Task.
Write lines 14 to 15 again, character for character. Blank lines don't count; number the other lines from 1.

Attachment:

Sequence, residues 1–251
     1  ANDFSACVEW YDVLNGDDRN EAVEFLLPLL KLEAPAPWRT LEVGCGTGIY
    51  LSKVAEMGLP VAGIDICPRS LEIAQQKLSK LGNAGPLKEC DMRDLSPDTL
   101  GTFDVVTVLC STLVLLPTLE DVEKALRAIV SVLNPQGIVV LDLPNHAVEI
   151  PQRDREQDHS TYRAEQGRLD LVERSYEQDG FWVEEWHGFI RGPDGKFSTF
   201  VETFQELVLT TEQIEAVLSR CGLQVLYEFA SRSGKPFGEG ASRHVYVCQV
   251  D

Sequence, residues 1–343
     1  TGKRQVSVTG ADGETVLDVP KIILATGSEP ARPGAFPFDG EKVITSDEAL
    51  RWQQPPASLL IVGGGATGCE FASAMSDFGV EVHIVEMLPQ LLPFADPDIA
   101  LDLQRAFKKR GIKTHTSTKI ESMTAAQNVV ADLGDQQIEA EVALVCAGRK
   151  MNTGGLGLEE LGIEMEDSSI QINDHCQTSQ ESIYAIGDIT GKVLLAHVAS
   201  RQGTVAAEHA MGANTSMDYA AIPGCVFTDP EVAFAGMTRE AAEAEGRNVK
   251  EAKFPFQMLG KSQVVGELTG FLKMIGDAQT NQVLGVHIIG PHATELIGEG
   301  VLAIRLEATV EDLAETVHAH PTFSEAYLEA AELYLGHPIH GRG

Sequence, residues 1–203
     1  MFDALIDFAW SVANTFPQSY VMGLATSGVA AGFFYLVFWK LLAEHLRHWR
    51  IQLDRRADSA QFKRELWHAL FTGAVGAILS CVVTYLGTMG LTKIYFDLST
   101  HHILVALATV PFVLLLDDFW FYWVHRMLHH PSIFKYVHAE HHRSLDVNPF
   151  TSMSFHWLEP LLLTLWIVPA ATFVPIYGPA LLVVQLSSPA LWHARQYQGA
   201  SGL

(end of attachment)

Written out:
   251  EAKFPFQMLG KSQVVGELTG FLKMIGDAQT NQVLGVHIIG PHATELIGEG
   301  VLAIRLEATV EDLAETVHAH PTFSEAYLEA AELYLGHPIH GRG